In All’s Well That Ends Well He­lena ob­serves: “Our reme­dies oft in our­selves do lie.” But those seek­ing reme­dies else­where should re­mem­ber that al­most any­one in Ire­land can start a coun­selling or psy­chother­apy busi­ness.

The Gov­ern­ment has launched a con­sul­ta­tion process, and in its Po­si­tion Pa­per on Statu­tory Reg­u­la­tion 2015, the IACP, rep­re­sent­ing al­most 4,000 mem­bers, wel­comes reg­u­la­tion but ac­knowl­edges dif­fi­cul­ties, such as abun­dant def­i­ni­tions and per­cep­tions of coun­selling and psy­chother­apy: “For ex­am­ple, var­i­ous es­ti­mates – up to 400 – of the num­ber of types of psy­chother­apy ex­ist.” On this ev­i­dence there seem few er­rant threads in life’s rich ta­pes­try that can’t be mended by tar­geted psy­chother­a­peu­tic needle­work.

Es­tranged from our­selves

So, are coun­sel­lors and psy­chother­a­pists nec­es­sary? The an­swer is prob­a­bly yes. So­cially stunted, we pre­fer look­ing at screens to con­vers­ing with hu­mans, and we risk be­com­ing es­tranged from our­selves. So de­spite dopey rea­sons for coun­selling – a busker’s gen­i­talia in Shanghai; a rude waiter in Mont­martre – it’s lit­tle sur­prise that some peo­ple may en­gage the ser­vices of coun­sel­lors and psy­chother­a­pists who are pre­pared to lis­ten, re­spond, and not say “Sorry, gotta take this” when their mo­bile bur­bles.

This point is un­der­lined by Ir­ish men­tal health ac­tivist Dr Terry Lynch in his Be­yond Prozac: Heal­ing Men­tal Dis­tress (2004). Lynch cites our dis­ap­proval of so-called “neg­a­tive” feel­ings in con­ver­sa­tion.

He notes that those who reg­u­larly ex­pe­ri­ence such feel­ings soon re­alise that so­ci­ety has lit­tle in­ter­est in their dis­tress and ex­plains that “be­cause there is such cen­sor­ship of feel­ings and ex­pres­sions in our so­ci­ety, there are few peo­ple who will be able to help them in their great emo­tional dis­tress”.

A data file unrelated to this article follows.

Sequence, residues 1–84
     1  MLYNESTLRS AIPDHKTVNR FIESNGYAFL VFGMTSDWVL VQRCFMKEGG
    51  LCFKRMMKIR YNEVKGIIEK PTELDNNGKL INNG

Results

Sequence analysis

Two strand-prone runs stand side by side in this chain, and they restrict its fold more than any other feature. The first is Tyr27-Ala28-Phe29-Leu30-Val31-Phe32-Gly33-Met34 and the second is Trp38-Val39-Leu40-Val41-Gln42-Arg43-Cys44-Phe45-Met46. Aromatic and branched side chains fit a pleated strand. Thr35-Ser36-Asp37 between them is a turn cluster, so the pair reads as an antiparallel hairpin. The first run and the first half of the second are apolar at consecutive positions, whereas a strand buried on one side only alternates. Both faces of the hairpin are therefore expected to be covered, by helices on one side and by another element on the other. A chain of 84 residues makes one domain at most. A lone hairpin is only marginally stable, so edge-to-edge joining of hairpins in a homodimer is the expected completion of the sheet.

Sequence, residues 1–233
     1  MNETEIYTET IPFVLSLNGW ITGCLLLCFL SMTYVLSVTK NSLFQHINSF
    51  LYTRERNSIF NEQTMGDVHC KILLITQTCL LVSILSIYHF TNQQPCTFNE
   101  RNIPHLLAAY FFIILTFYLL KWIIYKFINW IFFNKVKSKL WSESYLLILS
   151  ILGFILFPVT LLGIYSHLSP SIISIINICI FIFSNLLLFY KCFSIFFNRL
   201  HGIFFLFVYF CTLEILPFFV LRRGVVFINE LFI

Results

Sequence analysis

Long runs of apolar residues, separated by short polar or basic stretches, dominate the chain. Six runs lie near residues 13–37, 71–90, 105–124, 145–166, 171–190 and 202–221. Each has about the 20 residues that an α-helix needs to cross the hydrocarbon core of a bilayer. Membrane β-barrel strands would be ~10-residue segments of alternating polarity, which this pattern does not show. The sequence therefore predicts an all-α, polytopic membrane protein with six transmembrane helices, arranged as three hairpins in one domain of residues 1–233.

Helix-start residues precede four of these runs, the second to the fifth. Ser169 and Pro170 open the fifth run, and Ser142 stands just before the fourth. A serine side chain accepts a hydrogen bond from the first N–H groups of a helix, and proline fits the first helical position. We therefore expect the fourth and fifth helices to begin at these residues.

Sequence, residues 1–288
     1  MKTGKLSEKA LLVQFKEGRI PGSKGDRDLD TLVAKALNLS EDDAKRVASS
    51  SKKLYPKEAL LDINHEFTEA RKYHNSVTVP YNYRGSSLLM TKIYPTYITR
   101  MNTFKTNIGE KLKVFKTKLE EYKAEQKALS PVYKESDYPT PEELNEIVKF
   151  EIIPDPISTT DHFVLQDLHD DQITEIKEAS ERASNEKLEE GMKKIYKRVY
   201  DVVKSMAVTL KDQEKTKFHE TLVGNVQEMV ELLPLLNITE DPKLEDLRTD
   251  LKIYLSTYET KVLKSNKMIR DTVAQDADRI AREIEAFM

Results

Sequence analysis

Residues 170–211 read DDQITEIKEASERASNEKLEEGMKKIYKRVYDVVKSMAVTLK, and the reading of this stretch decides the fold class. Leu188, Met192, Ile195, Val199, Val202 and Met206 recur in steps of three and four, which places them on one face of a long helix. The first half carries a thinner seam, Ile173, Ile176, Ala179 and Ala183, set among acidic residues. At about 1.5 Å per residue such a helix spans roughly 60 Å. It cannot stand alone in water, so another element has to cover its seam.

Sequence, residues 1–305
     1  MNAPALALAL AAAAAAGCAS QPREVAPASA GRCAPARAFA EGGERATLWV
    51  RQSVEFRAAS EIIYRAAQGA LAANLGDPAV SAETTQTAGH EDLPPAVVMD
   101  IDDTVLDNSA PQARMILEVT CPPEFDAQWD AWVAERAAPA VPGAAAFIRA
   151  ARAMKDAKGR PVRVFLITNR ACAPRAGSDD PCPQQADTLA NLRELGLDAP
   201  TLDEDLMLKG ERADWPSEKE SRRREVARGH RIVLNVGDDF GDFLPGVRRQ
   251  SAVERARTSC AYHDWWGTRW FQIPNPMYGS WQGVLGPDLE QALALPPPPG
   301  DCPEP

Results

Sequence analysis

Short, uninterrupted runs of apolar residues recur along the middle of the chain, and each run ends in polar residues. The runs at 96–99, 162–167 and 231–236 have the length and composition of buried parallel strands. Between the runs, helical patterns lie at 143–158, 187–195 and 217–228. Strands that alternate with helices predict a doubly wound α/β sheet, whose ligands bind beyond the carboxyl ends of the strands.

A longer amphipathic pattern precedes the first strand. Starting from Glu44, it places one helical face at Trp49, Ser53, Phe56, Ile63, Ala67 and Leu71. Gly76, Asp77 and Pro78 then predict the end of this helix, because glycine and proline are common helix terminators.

But isn’t that the job of med­i­cal pro­fes­sion­als? Un­for­tu­nately, many GPs, un­der­tak­ing the bulk of men­tal health treat­ment, pre­fer the pre­scrip­tion pad to pro­longed con­ver­sa­tion. And psy­chi­a­trists?

“Their at­ten­tion,” writes Lynch, “is on form­ing a di­ag­no­sis rather than ex­plor­ing life is­sues, prob­lems and feel­ings with their pa­tients.”

Lynch is right. This era of ev­i­dence-based medicine sees many psy­chi­a­trists em­brac­ing the term “sci­en­tific psy­chi­a­try”, the bet­ter to pro­mote their view that men­tal ill­nesses are di­ag­nos­able disor­ders of brain chem­istry best treated by med­i­ca­tion. But this view can be chal­lenged.

For ex­am­ple, ad­dress­ing what he calls psy­chi­a­try’s “chem­i­cal im­bal­ance fraud”, neu­rol­o­gist Dr Fred A Baugh­man Jr, writing in Eth­i­cal Hu­man Psy­chol­ogy and Psy­chi­a­try (2008), slates psy­chi­a­try’s all-too-cosy re­la­tion­ship with the phar­ma­ceu­ti­cal in­dus­try, even dis­miss­ing it as “not a le­git­i­mate branch of medicine de­serv­ing sci­en­tific-fis­cal par­ity”.

Coun­selling and psy­chother­apy is not without its short­com­ings, but its con­tin­u­ing role in our dys­func­tional so­ci­ety says more about us than we might care to ad­mit.

The role of coun­selling in our dys­func­tional so­ci­ety says more about us than we might care to ad­mit


Many peo­ple sub-con­tract out their prob­lems to pri­vate coun­sel­lors or psy­chother­a­pists who as­sume – for a price – the role once filled by friends, fam­ily and the wider com­mu­nity.